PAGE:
Curcumin is the main component of the spice turmeric, and it offers many health benefits. Specifically, curcumin supports attention and working memory.[15, 16]


This plant from India was long used in Ayurveda practice. Bacopa monniera is favored for its ability to support healthy memory and dampen the effects of occasional stress and anxiety. One study found that bacopa promoted healthy cognitive performance in an aging population, including normal memory recall and lower rates of anxiety.[17]

Panax Ginseng

Different types of ginseng have different uses and benefits to the body. Panax ginseng, or Asian ginseng, comes from Korea and is used to boost thinking, energy, and concentration. One study found that it promoted normal attentiveness in children.[18]


Ashwagandha root and berries are used in the Ayurvedic tradition. As an "adaptogen," it helps the body adapt to stress.[19] It's much easier to concentrate when you are free from stress!


L-theanine is an amino acid commonly found in green and black tea. Although not made in the body and not required by the body, this relatively rare amino acid may help you focus. One study found that when L-theanine and caffeine were combined, participants showed improved performance on cognitively demanding activities.[20]


Tryptophan is an essential amino acid, meaning the body needs it but does not make it — therefore, you must get it from your diet. A diet rich in tryptophan can have a positive effect on cognition and help to boost the mood.[21]

Points to Remember

Improving your focus and concentration is easily within your grasp. You can take small but powerful steps like getting enough sleep, eating a variety of foods to boost brain power, and taking nootropic, focus-boosting herbs, where needed.

Other ideas to improve your focus include plotting out your daily tasks, taking breaks, trying meditation, listening to music, and getting outside in nature to support total brain function.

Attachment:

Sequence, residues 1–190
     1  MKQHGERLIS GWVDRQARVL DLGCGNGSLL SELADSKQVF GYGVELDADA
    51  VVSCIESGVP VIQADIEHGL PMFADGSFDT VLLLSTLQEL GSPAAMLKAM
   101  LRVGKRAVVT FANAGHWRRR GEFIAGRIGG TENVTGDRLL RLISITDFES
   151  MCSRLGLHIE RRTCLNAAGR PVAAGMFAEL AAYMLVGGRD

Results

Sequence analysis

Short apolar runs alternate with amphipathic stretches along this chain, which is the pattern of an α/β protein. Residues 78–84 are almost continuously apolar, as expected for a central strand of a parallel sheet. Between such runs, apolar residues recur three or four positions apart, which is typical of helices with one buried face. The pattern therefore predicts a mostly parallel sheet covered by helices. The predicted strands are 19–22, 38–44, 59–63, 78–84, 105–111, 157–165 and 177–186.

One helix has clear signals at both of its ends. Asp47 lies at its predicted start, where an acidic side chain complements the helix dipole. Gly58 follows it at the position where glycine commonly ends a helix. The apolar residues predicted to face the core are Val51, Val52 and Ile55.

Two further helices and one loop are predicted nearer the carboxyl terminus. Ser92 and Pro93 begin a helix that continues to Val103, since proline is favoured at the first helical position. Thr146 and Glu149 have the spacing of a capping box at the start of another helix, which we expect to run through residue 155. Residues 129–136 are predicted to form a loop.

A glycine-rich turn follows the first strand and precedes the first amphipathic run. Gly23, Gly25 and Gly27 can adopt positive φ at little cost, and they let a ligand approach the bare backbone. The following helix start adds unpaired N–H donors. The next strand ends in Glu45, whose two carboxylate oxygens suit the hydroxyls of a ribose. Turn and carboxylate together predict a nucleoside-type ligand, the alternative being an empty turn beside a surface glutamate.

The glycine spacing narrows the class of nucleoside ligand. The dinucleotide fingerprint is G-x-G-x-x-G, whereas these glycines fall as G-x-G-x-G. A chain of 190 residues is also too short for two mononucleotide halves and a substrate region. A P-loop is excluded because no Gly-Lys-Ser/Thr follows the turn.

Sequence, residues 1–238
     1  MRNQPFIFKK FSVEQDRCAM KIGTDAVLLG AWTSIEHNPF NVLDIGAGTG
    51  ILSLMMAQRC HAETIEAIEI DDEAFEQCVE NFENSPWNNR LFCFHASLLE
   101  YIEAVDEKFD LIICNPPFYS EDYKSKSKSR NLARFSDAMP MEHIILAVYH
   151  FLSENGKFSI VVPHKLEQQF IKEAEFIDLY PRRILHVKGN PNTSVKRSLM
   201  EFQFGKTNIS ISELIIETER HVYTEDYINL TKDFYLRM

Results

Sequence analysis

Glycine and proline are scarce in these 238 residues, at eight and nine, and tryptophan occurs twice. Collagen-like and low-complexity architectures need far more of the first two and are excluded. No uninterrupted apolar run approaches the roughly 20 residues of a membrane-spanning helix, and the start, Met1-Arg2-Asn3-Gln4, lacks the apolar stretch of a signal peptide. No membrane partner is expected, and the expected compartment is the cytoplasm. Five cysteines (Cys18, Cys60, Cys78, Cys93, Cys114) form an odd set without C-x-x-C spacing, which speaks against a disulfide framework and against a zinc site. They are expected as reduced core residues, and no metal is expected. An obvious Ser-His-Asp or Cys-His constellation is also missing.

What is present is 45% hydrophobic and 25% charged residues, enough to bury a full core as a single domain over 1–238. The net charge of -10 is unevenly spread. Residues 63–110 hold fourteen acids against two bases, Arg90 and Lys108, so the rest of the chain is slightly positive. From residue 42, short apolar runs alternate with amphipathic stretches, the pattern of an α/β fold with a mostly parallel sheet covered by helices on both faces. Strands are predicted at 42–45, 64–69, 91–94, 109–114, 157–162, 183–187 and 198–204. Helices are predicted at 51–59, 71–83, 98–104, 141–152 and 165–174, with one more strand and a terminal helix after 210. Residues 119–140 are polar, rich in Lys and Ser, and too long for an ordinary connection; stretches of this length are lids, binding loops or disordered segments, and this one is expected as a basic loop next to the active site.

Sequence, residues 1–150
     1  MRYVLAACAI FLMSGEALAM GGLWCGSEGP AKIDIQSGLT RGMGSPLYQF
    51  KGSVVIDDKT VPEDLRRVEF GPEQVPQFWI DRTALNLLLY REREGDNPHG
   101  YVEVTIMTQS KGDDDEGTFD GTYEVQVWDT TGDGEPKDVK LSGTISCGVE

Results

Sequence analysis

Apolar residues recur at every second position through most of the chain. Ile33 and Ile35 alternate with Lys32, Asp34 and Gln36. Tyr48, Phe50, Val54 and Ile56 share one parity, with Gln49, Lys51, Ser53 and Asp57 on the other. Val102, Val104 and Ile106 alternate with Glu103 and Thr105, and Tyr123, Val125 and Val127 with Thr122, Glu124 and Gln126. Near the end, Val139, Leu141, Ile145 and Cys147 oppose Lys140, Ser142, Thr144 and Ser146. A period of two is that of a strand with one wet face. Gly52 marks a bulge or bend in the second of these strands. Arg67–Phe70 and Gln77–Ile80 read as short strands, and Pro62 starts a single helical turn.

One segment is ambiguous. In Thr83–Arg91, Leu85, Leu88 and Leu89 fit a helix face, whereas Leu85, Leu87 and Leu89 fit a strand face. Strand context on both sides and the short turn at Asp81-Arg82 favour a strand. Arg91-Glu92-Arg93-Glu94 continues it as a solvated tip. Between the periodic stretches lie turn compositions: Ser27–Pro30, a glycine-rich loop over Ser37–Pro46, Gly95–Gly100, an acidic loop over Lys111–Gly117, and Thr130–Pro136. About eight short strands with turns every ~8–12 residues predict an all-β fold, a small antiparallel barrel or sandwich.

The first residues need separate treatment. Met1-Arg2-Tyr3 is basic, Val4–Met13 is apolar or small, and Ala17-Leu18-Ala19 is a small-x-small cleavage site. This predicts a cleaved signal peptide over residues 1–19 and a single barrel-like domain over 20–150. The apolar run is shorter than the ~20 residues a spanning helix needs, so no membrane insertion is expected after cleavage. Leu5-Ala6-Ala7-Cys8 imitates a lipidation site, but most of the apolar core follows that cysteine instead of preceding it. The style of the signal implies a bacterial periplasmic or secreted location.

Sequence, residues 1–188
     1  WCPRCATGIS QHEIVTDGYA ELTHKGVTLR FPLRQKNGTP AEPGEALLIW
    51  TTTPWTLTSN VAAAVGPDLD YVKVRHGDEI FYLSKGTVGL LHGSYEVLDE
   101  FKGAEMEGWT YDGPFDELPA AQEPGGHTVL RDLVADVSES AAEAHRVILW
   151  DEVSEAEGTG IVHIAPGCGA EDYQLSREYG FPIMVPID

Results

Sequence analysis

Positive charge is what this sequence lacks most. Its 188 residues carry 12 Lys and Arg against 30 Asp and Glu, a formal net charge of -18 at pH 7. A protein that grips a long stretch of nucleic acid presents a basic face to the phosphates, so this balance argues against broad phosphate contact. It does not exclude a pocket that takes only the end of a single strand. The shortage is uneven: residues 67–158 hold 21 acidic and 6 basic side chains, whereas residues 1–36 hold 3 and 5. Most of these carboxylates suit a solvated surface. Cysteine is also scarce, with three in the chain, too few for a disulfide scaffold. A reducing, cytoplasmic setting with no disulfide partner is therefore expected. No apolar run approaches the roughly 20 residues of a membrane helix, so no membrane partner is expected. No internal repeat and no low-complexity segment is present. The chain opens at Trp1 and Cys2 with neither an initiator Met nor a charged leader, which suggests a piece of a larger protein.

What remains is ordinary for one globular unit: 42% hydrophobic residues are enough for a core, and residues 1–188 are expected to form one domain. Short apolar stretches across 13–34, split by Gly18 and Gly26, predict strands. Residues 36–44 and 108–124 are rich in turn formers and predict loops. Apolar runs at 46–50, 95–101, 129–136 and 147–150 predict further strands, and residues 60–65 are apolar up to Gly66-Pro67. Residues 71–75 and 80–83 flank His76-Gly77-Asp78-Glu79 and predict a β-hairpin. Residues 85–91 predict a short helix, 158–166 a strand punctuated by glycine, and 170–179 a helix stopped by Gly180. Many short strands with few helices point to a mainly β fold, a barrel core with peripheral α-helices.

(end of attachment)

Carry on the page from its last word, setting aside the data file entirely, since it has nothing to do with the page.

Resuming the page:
Besides the many nootropic herbs and minerals that help focus, like lithium orotate, bacopa extract, and rhodiola. I recommend Stress Relief which contains a blend of minerals and herbs to support brain vitality and help you stay focused.

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How to Have a Better Work-Life Balance for a Happier You

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References (21)
  1. Why is our generation's attention span so short? Penn State. 2015. Accessed 22 Feb 2019.
  2. Carlson D. 3 ways stress negatively affects student performance. Penn Foster. Published 21 Sep 2016. Accessed 22 Feb 2019.
  3. Dibra S. Mindfulness can increase your concentration and lower stress. Penn State World Campus. Published 7 Oct 2014. Accessed 22 Feb 2019.
  4. Sleep deprivation. Department of Health & Human Services, State Government of Victoria, Australia. Updated June 2014. Accessed 22 Feb 2019.
  5. Sleep, learning, and memory. Division of Sleep Medicine at Harvard Medical School. Updated 18 Dec 2007. Accessed 22 Feb 2019.
  6. Regular exercise releases brain chemicals key for memory, concentration, and mental sharpness. Harvard Men's Health Watch. Published May 2013. Accessed 22 Feb 2019.
  7. Can music help you study and focus? North Central University. Published 29 Mar 2017. Accessed 22 Feb 2019.
  8. Suttie J. How nature can make you kinder, happier, and more creative. Greater Good Magazine, UC Berkeley. Published 2 Mar 2016. Accessed 22 Feb 2019.
  9. Pillay S. The “thinking" benefits of doodling. Harvard Health Publishing, Harvard Medical School. Published 15 Dec 2016. Accessed 22 Feb 2019.
  10. Improving your concentration. Kansas State University. Updated 27 May 2018. Accessed 22 Feb 2019.
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  13. Silberstein R, et al. Examining brain-cognition effects of ginkgo biloba extract: brain activation in the left temporal and left prefrontal cortex in an object working memory task. Evid Based Complement Alternat Med. 2011(3):164139.
  14. Fintelmann V, Gruenwald J. Efficacy and tolerability of a Rhodiola rosea extract in adults with physical and cognitive deficiencies. Adv Ther. 2007;24(4):929-939.
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  17. Calabrese C, et al. Effects of a standardized Bacopa monnieri extract on cognitive performance, anxiety, and depression in the elderly: a randomized, double-blind, placebo-controlled trial. J Altern Complement Med. 2008;14(6):707-713.
  18. Lee S, et al. Clinical effects of Korean red ginseng on attention deficit hyperactivity disorder in children: an observational study. J Ginseng Res. 2011;35(2):226-234.
  19. Singh N, et al. An overview on ashwagandha: a rasayana (rejuvenator) of Ayurveda. Afr J Tradit Complement Altern Med. 2011;8(5):208-213.
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  21. Strasser B, et al. Mood, food, and cognition: role of tryptophan and serotonin. Curr Opin Clin Nutr Metab Care. 2016;19(1):55-61.

†Results may vary. Information and statements made are for education purposes and are not intended to replace the advice of your doctor. If you have a severe medical condition or health concern, see your physician.